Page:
2014: 45 groundwater monitoring wells were abandoned with 21 wells remaining in the study area. They will continue to be monitored through annual sampling events. The enhanced attenuation study has been completed and is currently being evaluated.
2015: In early to mid 2015, the enhanced attenuation study was submitted to ADEQ by the EPA to review the effectiveness of performance of ISCO.
The current contaminants of concern in groundwater include VOCs. The current contaminants of concern in soil include VOCs, cyanides, acids, and heavy metals (chromium and lead). Contaminants of concern at the site may change as new data becomes available.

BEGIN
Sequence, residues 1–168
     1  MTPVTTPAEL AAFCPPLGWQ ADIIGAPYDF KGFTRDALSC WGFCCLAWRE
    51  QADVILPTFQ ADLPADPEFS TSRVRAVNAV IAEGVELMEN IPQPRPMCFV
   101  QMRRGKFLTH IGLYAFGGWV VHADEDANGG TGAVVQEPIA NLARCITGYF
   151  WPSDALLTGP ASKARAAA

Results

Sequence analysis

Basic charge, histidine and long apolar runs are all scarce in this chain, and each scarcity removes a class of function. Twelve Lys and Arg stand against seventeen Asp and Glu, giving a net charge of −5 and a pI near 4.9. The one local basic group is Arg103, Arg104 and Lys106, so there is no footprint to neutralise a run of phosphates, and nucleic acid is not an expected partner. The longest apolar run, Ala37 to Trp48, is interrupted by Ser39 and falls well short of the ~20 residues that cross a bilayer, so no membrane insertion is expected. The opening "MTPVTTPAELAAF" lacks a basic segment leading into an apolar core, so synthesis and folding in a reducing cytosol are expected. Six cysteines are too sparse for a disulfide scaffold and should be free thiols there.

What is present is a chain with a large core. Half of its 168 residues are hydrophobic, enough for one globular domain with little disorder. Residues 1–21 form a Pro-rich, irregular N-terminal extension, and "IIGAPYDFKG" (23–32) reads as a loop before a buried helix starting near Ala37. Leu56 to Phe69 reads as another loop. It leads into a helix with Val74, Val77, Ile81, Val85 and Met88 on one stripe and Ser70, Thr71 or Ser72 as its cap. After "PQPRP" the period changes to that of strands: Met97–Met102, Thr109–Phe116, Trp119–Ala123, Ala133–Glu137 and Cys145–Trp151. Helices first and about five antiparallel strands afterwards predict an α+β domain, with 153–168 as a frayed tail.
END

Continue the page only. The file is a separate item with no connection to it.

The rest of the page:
All drinking water supply wells within the site boundaries are inactive. Groundwater in the area is used for industrial purposes only. Drinking water is served by the City of Tempe municipal service from wells outside of the site boundaries.
At SIBW, groundwater occurs in three aquifer units: upper, middle, and lower alluvial units. The materials are primarily a thick, basin-fill sequence of alluvial sediments derived from surrounding mountains. Igneous rocks intrude in places, and crystalline bedrock exists in juxtaposition to the alluvial units as a result of block faulting.